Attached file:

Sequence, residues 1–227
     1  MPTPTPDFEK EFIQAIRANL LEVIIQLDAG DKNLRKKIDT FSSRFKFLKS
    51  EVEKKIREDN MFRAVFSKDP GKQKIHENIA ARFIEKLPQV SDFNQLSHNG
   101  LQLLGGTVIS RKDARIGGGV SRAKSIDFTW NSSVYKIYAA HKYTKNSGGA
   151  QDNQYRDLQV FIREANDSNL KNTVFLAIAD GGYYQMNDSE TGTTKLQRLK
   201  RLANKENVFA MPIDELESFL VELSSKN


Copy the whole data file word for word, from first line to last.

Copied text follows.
Sequence, residues 1–227
     1  MPTPTPDFEK EFIQAIRANL LEVIIQLDAG DKNLRKKIDT FSSRFKFLKS
    51  EVEKKIREDN MFRAVFSKDP GKQKIHENIA ARFIEKLPQV SDFNQLSHNG
   101  LQLLGGTVIS RKDARIGGGV SRAKSIDFTW NSSVYKIYAA HKYTKNSGGA
   151  QDNQYRDLQV FIREANDSNL KNTVFLAIAD GGYYQMNDSE TGTTKLQRLK
   201  RLANKENVFA MPIDELESFL VELSSKN